Biopharma company Atrin Pharmaceuticals, a drug discovery and development company focused on molecules targeting DNA damage and repair (DDR) pathways to treat cancer, and gene-based analytics company Predictive Technology Group say they have successfully tested a collaborative genomics analysis for more accurate clinical trial screening for ATRN-119, an ATR inhibitor with therapeutic potential across a broad range of cancers. The company anticipates initiating first-in-human trials this year.
According to a press release, the two companies have been actively collaborating to develop better approaches to identify which patients with specific mutations that drive cancer tumor growth, regardless of tumor type, and who are most likely to clinically respond to synthetically-lethal anti-cancer therapies. The goal is to create a platform for more targeted and efficient recruitment of patients for clinical trials.
“Our collaboration with Predictive, as shown in this genomics analysis, is already resulting in improved targeting of eligible patients for the upcoming Phase 1/2a ATRN-119 clinical study, and could potentially result in adoption of a new diagnostic for this type of anti-cancer treatment,” said Oren Gilad, Ph.D., president and CEO of Atrin. “Predictive’s unique genomic insights and modeling provide Atrin with enhanced diagnostic tools to accelerate Atrin’s DDR therapies and studies.”
According to Atrin, the company’s focus on DDR drug development represents a multi-billion opportunity, which could ultimately see DDR therapies applicable to more than 200 different cancer targets, if it and other can develop the appropriate targeting biomarkers in patients.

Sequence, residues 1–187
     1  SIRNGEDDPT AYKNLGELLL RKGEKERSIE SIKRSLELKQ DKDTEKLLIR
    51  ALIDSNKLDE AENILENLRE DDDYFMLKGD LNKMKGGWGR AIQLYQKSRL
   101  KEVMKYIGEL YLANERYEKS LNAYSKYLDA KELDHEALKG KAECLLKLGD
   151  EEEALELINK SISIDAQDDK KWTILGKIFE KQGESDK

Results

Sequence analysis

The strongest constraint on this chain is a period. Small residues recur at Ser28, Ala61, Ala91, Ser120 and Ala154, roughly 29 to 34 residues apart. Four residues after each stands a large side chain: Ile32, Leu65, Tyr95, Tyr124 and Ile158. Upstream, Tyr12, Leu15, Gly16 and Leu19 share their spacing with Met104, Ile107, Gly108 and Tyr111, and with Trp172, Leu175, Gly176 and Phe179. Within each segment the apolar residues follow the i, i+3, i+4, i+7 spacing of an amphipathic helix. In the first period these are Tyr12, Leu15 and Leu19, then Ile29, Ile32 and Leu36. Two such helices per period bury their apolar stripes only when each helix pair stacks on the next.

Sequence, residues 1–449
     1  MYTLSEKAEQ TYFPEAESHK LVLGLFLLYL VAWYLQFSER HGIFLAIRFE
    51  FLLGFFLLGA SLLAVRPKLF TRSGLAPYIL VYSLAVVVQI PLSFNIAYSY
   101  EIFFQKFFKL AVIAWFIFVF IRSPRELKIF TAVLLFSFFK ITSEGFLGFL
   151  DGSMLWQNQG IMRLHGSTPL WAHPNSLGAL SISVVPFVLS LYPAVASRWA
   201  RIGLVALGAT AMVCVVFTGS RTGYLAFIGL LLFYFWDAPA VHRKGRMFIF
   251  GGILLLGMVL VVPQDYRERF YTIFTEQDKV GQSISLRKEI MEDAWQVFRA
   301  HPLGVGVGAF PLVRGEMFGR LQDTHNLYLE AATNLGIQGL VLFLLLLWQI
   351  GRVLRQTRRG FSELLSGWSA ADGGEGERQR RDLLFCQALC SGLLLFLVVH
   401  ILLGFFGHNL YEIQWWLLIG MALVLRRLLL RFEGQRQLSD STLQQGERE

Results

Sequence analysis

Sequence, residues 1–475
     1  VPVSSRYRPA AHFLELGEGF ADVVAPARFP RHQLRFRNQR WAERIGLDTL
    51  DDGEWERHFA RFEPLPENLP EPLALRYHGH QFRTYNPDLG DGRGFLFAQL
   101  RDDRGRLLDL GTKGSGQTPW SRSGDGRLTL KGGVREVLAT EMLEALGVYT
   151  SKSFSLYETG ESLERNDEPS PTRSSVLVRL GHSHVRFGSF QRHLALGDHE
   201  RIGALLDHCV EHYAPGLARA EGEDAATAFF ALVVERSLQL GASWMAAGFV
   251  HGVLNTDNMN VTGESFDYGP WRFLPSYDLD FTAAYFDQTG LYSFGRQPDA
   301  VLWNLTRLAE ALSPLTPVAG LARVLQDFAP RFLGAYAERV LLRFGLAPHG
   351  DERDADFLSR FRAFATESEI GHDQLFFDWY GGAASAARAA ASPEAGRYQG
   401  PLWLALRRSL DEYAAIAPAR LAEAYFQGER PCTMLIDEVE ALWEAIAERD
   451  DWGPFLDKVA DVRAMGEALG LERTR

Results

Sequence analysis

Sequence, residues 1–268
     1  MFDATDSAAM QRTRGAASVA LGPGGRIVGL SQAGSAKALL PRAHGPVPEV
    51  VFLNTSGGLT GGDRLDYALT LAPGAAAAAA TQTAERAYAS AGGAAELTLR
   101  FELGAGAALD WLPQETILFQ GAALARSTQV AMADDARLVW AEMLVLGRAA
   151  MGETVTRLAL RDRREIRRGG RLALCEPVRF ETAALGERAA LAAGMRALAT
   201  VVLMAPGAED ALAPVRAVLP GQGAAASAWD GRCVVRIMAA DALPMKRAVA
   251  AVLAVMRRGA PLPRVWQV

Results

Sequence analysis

In the current collaboration, the companies released results of an analysis that showed Predictive’s assays in patients with a specific tumor type found an excess of DDR mutations in cancer cells compared with normal tissue.
Specifically, the analysis found 92 genes that are protein responders to ATRN-119 treatment, of which 18 genes are known TIER 1 cancer-driver genes, while well-characterized mutations were found in three dominant genes. Both in vitro and animal studies have confirmed synthetically-lethal interactions between ATRN-119 treatment and alteration of these three key cancer-causing genes. The overlap between DDR genes responding to ATRN-119 and those mutated in cancer cells suggest that genetic markers underlying response and resistance will be critical to optimizing patient selection in ATRN-119 clinical studies, by increasing clinical efficacy and minimizing systemic toxicities.
“We believe that the Atrin collaboration is a ‘game changer’ that will result in improved design and faster clinical advancement of multiple individualized, precision oncology treatments,” said Bradley Robinson, president and CEO of Predictive Technology Group. “By combining our state-of-the-art proprietary screening assay and related artificial intelligence capabilities with Atrin’s breakthrough DDR therapy candidates, we have the potential to become a leader in development of improved personalized oncology therapies. Both of Predictive’s main entities, Predictive Laboratories and Predictive Analytics, are involved in this ongoing DDR research with Atrin.”